Michael Conroy on the Nicaraguan elections

Interview

Interviewed by D.C. LaWare
April 1990; page 8; Volume 1, No. 5
Polemicist

Michael Conroy, professor of economics at UT Austin, was an observer of the recent elections in Nicaragua as part of the Latin American Studies Association. In the past 10 years Conroy has traveled to Nicaragua more than 30 times and has written extensively about the economy of revolutionary Nicaragua. The following article is a transcript of a taped interview conducted on March 14, 1990.

 

Q: A lot of the mainstream media has portrayed the Sandinista defeat as another defeat for Marxist-Leninist state planning and international socialism. To what degree was the Sandinista revolution a socialist revolution?

A: That depends on your definition of socialism ... If the keystone of the Soviet, Chinese and Cuban revolutions was the nationalization of the means of production, that was only partially done in Nicaragua, to an extent less than that of Mexico, Peru or Brazil ... The private sector, including the truly independent cooperatives, accounts for more than 60 percent of the GDP in Nicaragua, whereas in the Soviet Union, China or Cuba, the private sector would not exceed 8 or 9 percent of the GDP to this day. If you want to look at the structure of power and the forms of political expression that characterize the Chinese, Soviet and Cuban models, Nicaragua has from its first days been substantially more democratic.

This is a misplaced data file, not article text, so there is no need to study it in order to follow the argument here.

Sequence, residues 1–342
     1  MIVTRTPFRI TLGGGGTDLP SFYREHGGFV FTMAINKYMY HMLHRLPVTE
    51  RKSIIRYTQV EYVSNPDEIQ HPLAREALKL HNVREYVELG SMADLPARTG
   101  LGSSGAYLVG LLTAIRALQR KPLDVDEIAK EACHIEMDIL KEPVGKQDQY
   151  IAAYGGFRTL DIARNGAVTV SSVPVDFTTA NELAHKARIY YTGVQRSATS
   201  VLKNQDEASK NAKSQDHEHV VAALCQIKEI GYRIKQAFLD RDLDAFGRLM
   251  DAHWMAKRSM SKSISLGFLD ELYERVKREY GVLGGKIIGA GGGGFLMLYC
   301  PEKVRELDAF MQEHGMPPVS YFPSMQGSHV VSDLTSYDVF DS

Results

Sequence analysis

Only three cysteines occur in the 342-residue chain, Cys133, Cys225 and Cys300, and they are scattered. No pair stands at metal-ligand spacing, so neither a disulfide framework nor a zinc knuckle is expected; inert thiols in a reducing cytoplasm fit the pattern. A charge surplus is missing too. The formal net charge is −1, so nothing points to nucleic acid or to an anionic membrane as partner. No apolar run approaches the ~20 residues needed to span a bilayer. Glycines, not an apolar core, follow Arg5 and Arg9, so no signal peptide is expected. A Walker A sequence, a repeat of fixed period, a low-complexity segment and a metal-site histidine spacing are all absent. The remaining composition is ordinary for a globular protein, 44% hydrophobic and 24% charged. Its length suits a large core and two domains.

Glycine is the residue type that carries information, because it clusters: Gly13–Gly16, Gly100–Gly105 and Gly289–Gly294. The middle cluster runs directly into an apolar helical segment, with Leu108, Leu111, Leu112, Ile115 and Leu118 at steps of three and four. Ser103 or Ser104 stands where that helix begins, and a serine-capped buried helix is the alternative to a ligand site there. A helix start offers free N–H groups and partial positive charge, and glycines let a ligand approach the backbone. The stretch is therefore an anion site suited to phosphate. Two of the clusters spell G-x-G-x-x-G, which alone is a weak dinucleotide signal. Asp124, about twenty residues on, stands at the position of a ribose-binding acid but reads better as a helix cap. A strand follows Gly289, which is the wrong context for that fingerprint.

Q: Then what were the most important economic changes made by the Sandinistas?

A: One way of looking at the Nicaraguan Revolution is that it represents the best-coordinated and most aggressively articulated reform, after a revolution, that we have seen in Latin American history, but reform along a structuralist, non-Marxist line. That means agrarian reform, which is not necessarily Marxist. Increasingly the social sector ... in terms of education, pensions, health, etc. increases the role of the state, but still with a fundamentally private sector economy.

Q: The mainsteam press has tended to blame the Sandinistas for the economic crisis, but how has the war contributed to the economic problems facing Nicaragua?

A: The only way to make sense of the Contra war is to see it as economic aggression. It made litte sense as a military strategy because they never had the capability of seizing and holding a single town. It made a lot of sense as economic warfare because Nicaragua is an exceedingly fragile, open economy primarily in the hands of the private sector. And what the Contras did is they [waged war] on the private sector. They would go up into the mountains in the outlying areas of the country and scare the producers into reducing their production, scare them off their land, or at least force them off their land for enough time each month so that their agricultural production fell ...